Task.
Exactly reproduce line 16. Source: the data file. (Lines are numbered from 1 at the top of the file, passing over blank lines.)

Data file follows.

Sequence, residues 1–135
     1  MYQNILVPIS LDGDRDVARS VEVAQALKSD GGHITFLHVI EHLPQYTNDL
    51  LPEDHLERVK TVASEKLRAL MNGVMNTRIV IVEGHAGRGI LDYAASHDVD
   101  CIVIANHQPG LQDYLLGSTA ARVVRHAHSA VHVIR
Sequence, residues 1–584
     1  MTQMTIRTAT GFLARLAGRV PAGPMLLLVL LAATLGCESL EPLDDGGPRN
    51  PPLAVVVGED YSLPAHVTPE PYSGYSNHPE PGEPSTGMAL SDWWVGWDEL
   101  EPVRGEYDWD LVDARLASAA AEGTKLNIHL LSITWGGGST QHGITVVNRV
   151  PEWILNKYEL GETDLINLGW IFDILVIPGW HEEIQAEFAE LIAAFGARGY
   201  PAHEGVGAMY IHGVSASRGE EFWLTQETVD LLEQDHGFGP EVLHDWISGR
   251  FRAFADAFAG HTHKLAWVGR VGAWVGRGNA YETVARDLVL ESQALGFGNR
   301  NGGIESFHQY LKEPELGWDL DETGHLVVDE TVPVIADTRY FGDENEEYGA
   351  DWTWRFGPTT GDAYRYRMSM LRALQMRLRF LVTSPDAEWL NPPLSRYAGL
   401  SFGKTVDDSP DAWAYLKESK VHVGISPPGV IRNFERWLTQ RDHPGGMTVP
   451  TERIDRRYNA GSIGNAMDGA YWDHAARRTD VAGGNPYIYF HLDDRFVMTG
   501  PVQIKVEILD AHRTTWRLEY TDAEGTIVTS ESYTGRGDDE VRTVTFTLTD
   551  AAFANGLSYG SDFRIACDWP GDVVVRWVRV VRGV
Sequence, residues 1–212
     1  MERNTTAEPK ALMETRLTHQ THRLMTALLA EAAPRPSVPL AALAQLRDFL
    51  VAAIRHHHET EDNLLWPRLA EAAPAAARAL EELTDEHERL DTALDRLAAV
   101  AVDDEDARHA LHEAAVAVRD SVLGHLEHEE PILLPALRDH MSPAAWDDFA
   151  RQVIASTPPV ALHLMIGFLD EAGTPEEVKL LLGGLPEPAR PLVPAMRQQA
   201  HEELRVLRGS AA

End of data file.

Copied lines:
   501  PVQIKVEILD AHRTTWRLEY TDAEGTIVTS ESYTGRGDDE VRTVTFTLTD